Stent Placement and Postprocedural Follow-up
Slotted-tube stents were implanted as described in detail elsewhere.14 Balloon size and pressure were at the operator’s discretion. Multiple stents were deployed if necessary to cover the full extent of the target lesion or the dissection if one was incurred. Adequacy of the final result was based solely on the angiographic assessment.
For postprocedural therapy, 30.4% of patients received a full anticoagulation regimen composed of heparin for 5 to 10 days and phenprocoumon (Marcumar, Hoffmann–La Roche) for 4 to 6 weeks; 69.6% of patients were treated with combined antiplatelet therapy with ticlopidine 250 mg BID in addition to aspirin 100 mg BID.
A 6-month coronary angiographic control was scheduled for all eligible patients. An earlier restudy was warranted if the patient presented with symptoms of angina. The median interval between the intervention and the control angiography was 188.5 days (interquartile range, 173 to 205 days).
Data Collection and Definitions
Qualitative angiographic assessment was done by the operator during or immediately after the procedure. Angiograms were assessed for the presence of chronic vessel occlusion before PTCA and dissections15 immediately before stent placement. The left main, LAD, left circumflex, and right coronary arteries with all their branches, as well as bypass grafts, were defined as vessel systems for the localization of the lesions. For example, a lesion in the LAD and one in a diagonal branch were both considered to belong to the same vessel system, the LAD.
Quantitative angiographic analysis was performed off-line by use of an automated edge-detection system (CMS, Medis Medical Imaging Systems) by operators not involved in the interventional procedures. This system has an excellent accuracy and precision.16 The contrast-filled, nontapered catheter tip was used for calibration. MLD, RD, percent diameter stenosis, and the diameter of the maximally inflated balloon were obtained from this analysis system. Measurements were done on the angiograms taken before and at the conclusion of a procedure and on that recorded at follow-up. Balloon-to-vessel ratio was calculated as diameter of the inflated balloon divided by the coronary reference diameter. Angiographic restenosis was defined as ≥50% diameter stenosis. Restenosis rate was calculated on both a per-lesion and a per-patient basis. A patient with multilesion intervention was considered to have restenosis if ≥1 dilated lesions presented angiographic restenosis at follow-up.
Potential risk factors for restenosis as previously identified were continuously assessed. Patient characteristics collected were age, sex, cardiovascular risk factors, acute myocardial infarction, unstable angina pectoris, multivessel disease, and history of previous PTCA. We used the latter as a patient-specific rather than a lesion-specific variable, because it was frequently difficult to establish precisely the target vessel or the target lesion of a PTCA procedure performed elsewhere. In addition, information on postprocedural antithrombotic therapy and the type of the intervention (single-lesion or multilesion) was recorded. Specific lesion characteristics noted were chronic occlusion, dissection, and lesion location at a vessel ostium, the LAD, or a bypass graft. Quantitative angiographic data were added to the list of lesion-related variables: RD and MLD before stenting, balloon-to-vessel ratio, maximal balloon pressure, and MLD immediately after stenting. Because mainly stents of 2 different lengths (7 and 15 mm) were used, we adopted the measure of stent unit (1 unit=7 mm).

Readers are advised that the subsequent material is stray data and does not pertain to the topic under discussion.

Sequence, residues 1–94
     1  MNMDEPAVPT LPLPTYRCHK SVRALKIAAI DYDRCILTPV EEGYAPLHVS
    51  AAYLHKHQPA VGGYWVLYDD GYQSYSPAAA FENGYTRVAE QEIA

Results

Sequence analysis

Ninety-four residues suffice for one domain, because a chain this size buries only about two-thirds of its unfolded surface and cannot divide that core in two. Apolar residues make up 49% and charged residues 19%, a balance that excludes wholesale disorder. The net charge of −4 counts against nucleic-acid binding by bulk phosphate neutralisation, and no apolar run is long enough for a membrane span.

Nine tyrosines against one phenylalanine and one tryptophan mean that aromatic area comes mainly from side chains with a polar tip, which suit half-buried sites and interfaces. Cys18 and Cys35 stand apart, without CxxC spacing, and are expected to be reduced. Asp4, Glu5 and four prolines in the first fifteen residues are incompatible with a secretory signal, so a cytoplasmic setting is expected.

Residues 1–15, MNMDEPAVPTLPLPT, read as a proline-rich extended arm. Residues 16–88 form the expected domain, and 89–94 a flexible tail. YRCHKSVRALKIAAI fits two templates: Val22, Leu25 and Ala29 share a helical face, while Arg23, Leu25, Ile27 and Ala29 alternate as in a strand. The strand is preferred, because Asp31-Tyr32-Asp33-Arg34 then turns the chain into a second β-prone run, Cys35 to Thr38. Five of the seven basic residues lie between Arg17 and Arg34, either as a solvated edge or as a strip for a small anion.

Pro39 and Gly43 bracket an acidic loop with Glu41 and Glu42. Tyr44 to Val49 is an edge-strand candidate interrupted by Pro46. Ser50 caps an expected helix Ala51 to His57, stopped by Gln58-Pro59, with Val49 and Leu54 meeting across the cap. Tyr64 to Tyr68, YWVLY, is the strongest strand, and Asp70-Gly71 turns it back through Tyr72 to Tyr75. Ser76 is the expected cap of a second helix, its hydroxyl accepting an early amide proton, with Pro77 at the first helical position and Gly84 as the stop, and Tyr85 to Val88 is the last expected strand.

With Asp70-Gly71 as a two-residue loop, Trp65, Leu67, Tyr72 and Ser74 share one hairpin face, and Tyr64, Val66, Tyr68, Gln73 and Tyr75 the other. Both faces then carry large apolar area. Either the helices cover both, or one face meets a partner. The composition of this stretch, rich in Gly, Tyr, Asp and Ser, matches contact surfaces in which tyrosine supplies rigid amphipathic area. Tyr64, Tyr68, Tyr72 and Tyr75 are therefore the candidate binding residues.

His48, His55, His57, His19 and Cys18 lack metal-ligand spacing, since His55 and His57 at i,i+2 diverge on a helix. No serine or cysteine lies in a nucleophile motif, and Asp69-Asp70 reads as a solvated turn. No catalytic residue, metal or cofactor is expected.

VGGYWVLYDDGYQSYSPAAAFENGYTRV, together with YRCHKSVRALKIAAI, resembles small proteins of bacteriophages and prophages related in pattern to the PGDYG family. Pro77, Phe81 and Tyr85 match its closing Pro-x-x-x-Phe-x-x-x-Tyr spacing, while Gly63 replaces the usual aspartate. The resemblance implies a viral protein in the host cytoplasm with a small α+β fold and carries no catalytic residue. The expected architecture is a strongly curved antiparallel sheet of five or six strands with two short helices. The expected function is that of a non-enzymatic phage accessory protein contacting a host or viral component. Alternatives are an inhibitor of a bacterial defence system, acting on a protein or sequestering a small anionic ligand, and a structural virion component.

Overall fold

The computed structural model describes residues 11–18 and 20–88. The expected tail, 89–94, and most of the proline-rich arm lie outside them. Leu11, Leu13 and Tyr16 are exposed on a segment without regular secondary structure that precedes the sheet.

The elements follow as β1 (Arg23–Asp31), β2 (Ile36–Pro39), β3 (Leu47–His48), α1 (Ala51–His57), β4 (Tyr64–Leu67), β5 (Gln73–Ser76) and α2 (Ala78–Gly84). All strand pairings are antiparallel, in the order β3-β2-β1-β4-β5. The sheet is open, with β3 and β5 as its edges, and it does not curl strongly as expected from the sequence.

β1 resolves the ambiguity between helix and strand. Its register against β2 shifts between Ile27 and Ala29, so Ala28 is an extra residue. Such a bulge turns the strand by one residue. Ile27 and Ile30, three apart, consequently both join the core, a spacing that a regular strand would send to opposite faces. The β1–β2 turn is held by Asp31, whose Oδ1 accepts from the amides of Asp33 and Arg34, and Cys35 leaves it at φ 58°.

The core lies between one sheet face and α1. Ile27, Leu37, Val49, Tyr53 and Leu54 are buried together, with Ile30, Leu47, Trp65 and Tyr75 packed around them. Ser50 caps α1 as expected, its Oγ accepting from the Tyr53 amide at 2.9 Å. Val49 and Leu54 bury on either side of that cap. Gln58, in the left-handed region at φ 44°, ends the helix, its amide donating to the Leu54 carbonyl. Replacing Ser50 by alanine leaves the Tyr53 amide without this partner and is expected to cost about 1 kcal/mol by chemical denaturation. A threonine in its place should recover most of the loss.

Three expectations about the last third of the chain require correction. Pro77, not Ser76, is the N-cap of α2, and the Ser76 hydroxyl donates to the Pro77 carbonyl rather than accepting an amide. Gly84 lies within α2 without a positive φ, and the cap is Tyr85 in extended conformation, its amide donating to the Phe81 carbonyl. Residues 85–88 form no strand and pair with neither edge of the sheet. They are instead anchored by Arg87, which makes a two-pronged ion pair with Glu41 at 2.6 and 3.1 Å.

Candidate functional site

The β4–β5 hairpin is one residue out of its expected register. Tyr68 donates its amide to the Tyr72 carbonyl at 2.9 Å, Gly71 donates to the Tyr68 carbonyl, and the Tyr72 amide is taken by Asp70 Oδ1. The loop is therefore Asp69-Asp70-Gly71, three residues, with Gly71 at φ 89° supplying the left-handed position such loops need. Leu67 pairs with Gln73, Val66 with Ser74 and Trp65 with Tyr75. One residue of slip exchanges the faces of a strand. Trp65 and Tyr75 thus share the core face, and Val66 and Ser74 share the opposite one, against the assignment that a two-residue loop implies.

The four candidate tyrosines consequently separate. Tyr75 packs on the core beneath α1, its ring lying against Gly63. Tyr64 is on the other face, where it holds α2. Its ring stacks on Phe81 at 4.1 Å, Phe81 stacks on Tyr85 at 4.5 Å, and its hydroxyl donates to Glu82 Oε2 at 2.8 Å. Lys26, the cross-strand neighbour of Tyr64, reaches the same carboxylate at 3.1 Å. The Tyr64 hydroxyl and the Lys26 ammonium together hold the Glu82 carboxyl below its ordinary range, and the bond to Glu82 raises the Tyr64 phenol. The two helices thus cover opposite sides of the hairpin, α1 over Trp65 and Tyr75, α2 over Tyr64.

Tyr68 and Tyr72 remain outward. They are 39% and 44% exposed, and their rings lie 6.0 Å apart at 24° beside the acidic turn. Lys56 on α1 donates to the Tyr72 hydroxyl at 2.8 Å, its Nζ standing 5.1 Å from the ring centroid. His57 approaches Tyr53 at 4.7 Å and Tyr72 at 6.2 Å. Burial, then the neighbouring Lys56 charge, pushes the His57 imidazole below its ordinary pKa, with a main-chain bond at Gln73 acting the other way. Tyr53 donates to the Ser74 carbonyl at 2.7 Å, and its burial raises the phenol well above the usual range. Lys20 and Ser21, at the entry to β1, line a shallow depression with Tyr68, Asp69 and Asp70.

Dichotomous data are expressed as counts or percent. These variables were compared by χ2 test. Continuous data were initially tested for normal distribution with the Kolmogorov-Smirnov test. Because most of them deviated markedly from such a pattern, descriptive statistics are presented as median (interquartile range), and nonparametric methods were used for analysis (Mann-Whitney U test). All values of P<0.05 were considered statistically significant.
The main analysis assesses the interdependence of lesions within the same patient with respect to their tendency for restenosis, a concept generally known as intraclass or intracluster correlation. Clustermates frequently may respond similarly, because they are not statistically independent. Failure to account for a cluster effect will underestimate standard errors of parameters such as regression coefficients. We used a special adaptation of polychotomous logistic regression that allows for intraclass correlation among lesions.17 18 Because the number of response combinations for all lesions in the same patient may vary, polychotomous (multinomial) instead of ordinary logistic regression has to be applied. Such a model allows adjustments for omitted covariates that are correlated for different cluster members (different lesions), such as patient factors, by absorbing the effects of these covariates in the form of the OR among cluster members (lesions). This OR is defined as (odds in favor of 1 lesion developing restenosis/companion lesion has restenosis)/(odds in favor of 1 lesion developing restenosis/companion lesion has no restenosis). This OR therefore represents the measure of intrapatient correlation. The estimation of the regression coefficients for the covariates takes into account this intrapatient correlation. The intrapatient correlation was also assessed with the eligible patients without angiographic restudy (20% of the entire population) included in the analysis after the outcome (binary restenosis) was randomly imputed. In addition, the influence of potential interactions between factors on intrapatient correlation was evaluated after allowance in the model for interactions between age and diabetes, age and multivessel disease, age and arterial hypertension, vessel size and final MLD after stenting, and balloon-to-vessel ratio and maximal balloon pressure.